I hate to start off the week on a sour note, but you're lookin' a little small.
Now, before you trade in your gym membership for Tuesday night knitting with Betty, try these sweet and simple exercises to fill out your frame.
Some are new and others not-so-new (try over 100 years old), but the more tools you have in your toolbox, the more ways you have to get the job done.
The Posterior Chain Blaster (AKA The Gunthar Row)
This first exercise works the whole posterior chain hard. The hamstrings, lower back, glutes, and upper back all receive a powerful stimulation. As the saying goes, "An athlete is only as strong as the back of his body." So, this movement is extremely effective at improving athletic performance, posture, and strength in movements such as the deadlift and the Olympic lifts.
Hell, it used to be a staple in the training of the former shot put world record holder, Werner Gunthar, who could power clean over 450 pounds as if the bar was empty and jump hurdles like an antelope!
Basically, the movement consists of performing a back extension, and at the top of the movement, rowing a barbell or dumbbells.
As you can see, Gunthar was kinda short on material. Nowadays, we have solid back extension benches, so you won't have to have Mario hold down your ankles (apologies to his former coach, Jan-Pierre Egger)!
While a barbell can still be used, I do prefer to use dumbbells.
You can even perform the movement unilaterally to work on trunk stabilization at the same time. In which case, the key point is to avoid trunk rotation at all costs.
This exercise is best performed for higher reps, anywhere between 8 and 20 is adequate, although I generally recommend sticking to the 8 to 12 rep range.
Old-School Floor Pullover Press
This muscle builder of yesteryear was once seen building up physiques from the early 1900s all the way to the '60s. However, they started doing it on a bench instead of the floor around the '50s.
Personally, I much prefer the floor version, as it's both safer and more effective. I've seen a ton of shoulder injuries caused by stretching excessively at the bottom portion of a pullover, but since the floor version doesn't allow for that type of range of motion, it's pretty much risk-free.
The exercise is performed in two steps: First comes the pullover phase, followed by the close-grip pressing phase.
Pullover phase: Start with the barbell on the floor, over your head, with your elbows bent at around 110 to 135 degrees. The elbows should be close and pointing toward the ceiling.
Without changing the elbow angle, lift the barbell off the floor, and in a circular manner, bring your elbows to your sides until they touch the floor.
At the end of the pullover phase, you're basically in the starting position of a floor close-grip bench press.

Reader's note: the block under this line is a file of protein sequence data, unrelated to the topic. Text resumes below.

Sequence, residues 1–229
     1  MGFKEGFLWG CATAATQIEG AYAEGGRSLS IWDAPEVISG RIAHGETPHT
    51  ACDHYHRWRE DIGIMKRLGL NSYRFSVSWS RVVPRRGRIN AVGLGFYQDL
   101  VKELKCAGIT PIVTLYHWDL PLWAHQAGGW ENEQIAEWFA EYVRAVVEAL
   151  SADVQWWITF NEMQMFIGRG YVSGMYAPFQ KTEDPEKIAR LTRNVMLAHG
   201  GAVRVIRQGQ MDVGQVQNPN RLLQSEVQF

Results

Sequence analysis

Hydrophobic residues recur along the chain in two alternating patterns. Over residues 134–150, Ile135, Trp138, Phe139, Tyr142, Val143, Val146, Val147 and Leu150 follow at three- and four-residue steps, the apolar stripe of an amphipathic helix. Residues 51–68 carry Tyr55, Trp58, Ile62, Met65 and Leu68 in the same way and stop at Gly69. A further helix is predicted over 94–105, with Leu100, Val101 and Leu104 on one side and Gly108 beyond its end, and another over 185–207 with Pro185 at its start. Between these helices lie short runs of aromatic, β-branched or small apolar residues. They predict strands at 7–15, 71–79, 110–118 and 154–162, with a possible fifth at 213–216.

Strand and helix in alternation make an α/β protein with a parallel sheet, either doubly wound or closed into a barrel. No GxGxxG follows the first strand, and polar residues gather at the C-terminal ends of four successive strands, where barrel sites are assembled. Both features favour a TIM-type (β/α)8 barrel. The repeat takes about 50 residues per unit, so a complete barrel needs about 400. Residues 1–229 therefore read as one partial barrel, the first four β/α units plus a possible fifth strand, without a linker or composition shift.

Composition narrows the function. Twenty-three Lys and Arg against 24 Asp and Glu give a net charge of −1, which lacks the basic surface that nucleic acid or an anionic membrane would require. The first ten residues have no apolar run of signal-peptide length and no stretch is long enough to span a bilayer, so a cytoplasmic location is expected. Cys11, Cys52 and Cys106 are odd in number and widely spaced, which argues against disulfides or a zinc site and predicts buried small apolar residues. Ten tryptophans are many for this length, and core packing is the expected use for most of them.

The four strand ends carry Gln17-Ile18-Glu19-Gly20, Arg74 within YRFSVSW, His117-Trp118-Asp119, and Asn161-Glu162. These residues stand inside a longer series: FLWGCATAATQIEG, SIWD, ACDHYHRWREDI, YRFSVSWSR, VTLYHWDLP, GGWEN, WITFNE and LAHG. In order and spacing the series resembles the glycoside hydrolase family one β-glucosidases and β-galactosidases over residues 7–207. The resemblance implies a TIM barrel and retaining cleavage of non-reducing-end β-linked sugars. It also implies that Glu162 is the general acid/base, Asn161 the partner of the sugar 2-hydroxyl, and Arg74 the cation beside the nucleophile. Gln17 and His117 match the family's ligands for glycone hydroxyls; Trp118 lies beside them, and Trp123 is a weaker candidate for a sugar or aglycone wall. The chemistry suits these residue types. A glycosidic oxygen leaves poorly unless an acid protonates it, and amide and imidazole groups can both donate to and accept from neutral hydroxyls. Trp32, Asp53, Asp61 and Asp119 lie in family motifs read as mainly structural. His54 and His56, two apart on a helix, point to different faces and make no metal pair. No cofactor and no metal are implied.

Pressing phase: Picking up where the pullover phase left off, your elbows should be on the floor, tucked in close to your body. Pause on the floor for one or two seconds, and then press the weight up as in a close-grip bench press.
Once you reach the top of the pressing position (arms straight), re-bend your elbows slightly and lower the barbell back to the starting position of the pullover phase (bar on the floor, above your head).
This will give your lats, triceps, and chest an old-school beating. It's also a good movement for shoulder health, making it a rather complete and interesting exercise to use.
Sets of 12 to 15 reps are best; although some more experienced lifters will fare better doing sets of 8 to 12. Don't go lower than 8 reps, though!
Tsuki Dumbbell Press
These next two exercises – the Tsuki dumbbell press and the Tsuki incline dumbbell press – are great assistance exercises for chest growth, as the internal rotation component of the movement increases pectoral activation.
As such, I often prefer to use a variation of the Tsuki press instead of a fly as the last pectoral exercise in a session. It's just as good at focusing on the chest, but since you can load it a bit more, it's all the more effective, especially as a change of pace.
These movements are performed by taking a supinated grip in the starting position and holding the dumbbells along the low pec line. This will give you a greater pectoral stretch, and a stretched muscle is a recruited muscle.
Press the dumbbells while rotating them so that at the completion of the press you're using a pronated grip.
Sets in the 6 to 8 or 8 to 12 rep ranges are the norm.
Cobra Lat Pull-Down
As we just saw, when you stretch a muscle you increase its activation potential. So, this exercise is a very good one for those who have problems activating and stimulating the lats.
Lie down sideways on an incline bench (around 45 degrees). Grab a single handle attached to a high pulley, making sure that you fully stretch the lat at the top of the movement. Now, pull the weight so that your elbow is moving toward your hip area. Squeeze the peak contraction and return to the stretched position.
This is a perfect finisher for the lats, so add sets of 10 to 12 slow and controlled reps to the end of your back workout.
Thankfully, with these new ways to torture yourself, that knitting class will be one member short.
Now, get your ass to the gym and make the best use of these tools to unlock some new growth in those stubborn muscle groups of yours.